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Front Microbiol. 2017 May 19;8:883. doi: 10.3389/fmicb.2017.00883. eCollection 2017.

The Highly Conserved Asp23 Family Protein YqhY Plays a Role in Lipid Biosynthesis in Bacillus subtilis.

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Department of General Microbiology, Institute of Microbiology and Genetics, University of GöttingenGöttingen, Germany.


In most bacteria, fatty acid biosynthesis is an essential process that must be controlled by the availability of precursors and by the needs of cell division. So far, no mechanisms controlling synthesis of malonyl-coenzyme A (CoA), the committed step in fatty acid synthesis, have been identified in the Gram-positive model bacterium Bacillus subtilis. We have studied the localization and function of two highly expressed proteins of unknown function, YqhY and YloU. Both proteins are members of the conserved and widespread Asp23 family. While the deletion of yloU had no effect, loss of the yqhY gene induced the rapid acquisition of suppressor mutations. The vast majority of these mutations affect subunits of the acetyl-CoA carboxylase (ACCase) complex, the enzyme that catalyzes the formation of malonyl-CoA. Moreover, lack of yqhY is accompanied by the formation of lipophilic clusters in the polar regions of the cells indicating an increased activity of ACCase. Our results suggest that YqhY controls the activity of ACCase and that this control results in inhibition of ACCase activity. Hyperactivity of the enzyme complex in the absence of YqhY does then provoke mutations that cause reduced ACCase activity.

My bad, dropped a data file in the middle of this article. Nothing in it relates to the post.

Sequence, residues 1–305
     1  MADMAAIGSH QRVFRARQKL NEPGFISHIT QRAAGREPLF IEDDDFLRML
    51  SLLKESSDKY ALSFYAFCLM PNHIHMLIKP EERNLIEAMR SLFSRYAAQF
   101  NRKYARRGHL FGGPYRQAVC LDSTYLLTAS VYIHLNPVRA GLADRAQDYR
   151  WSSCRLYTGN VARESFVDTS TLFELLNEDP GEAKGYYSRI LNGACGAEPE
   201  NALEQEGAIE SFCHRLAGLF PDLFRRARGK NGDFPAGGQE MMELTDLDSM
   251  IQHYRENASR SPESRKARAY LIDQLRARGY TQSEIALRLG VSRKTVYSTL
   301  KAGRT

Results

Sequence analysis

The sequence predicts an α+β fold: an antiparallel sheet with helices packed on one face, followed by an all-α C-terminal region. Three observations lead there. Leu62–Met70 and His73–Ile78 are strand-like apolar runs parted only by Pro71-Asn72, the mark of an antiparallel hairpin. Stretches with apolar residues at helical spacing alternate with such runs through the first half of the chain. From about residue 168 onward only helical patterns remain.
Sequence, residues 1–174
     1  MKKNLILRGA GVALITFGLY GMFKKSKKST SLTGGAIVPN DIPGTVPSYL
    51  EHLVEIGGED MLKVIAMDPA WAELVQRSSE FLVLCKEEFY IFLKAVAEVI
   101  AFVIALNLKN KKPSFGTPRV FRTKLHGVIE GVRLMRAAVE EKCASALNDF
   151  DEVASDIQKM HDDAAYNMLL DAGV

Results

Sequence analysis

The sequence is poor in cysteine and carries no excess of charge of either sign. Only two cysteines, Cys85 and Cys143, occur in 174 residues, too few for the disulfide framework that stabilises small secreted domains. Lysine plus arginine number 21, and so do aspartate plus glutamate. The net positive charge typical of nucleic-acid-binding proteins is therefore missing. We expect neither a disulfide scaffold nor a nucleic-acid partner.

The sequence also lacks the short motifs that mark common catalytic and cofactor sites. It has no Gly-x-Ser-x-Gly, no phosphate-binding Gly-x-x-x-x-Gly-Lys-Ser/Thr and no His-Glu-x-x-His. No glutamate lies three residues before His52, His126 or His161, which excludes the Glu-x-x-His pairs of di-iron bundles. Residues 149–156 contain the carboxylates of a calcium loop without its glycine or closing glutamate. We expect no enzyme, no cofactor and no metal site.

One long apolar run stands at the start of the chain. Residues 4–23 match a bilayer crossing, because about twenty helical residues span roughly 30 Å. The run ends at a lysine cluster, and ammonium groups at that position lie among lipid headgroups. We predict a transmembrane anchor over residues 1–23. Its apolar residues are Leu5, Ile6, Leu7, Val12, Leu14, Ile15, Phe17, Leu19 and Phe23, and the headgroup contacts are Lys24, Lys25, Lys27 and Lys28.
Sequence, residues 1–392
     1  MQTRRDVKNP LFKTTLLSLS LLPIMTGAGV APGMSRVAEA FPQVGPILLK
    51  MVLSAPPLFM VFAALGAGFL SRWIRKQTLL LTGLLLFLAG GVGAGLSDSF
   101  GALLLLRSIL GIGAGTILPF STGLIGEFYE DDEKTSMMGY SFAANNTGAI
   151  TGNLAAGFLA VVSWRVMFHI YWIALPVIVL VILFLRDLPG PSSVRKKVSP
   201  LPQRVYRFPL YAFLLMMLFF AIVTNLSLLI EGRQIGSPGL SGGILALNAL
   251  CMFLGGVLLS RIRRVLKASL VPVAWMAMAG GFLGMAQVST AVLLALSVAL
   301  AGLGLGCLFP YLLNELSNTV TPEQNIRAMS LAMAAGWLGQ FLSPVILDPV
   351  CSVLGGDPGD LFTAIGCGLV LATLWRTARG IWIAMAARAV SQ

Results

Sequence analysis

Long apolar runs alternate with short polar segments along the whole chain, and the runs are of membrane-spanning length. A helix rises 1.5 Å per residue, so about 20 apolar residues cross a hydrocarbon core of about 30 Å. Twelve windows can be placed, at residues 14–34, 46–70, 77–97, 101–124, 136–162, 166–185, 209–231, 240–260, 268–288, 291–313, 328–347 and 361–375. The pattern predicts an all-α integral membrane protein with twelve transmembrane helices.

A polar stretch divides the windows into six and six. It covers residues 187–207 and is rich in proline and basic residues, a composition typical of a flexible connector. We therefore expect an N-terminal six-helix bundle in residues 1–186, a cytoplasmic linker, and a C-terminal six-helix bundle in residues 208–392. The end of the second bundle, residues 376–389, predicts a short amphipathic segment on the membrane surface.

ACCase; Asp23 family; DUF322; fatty acid biosynthesis; protein localization

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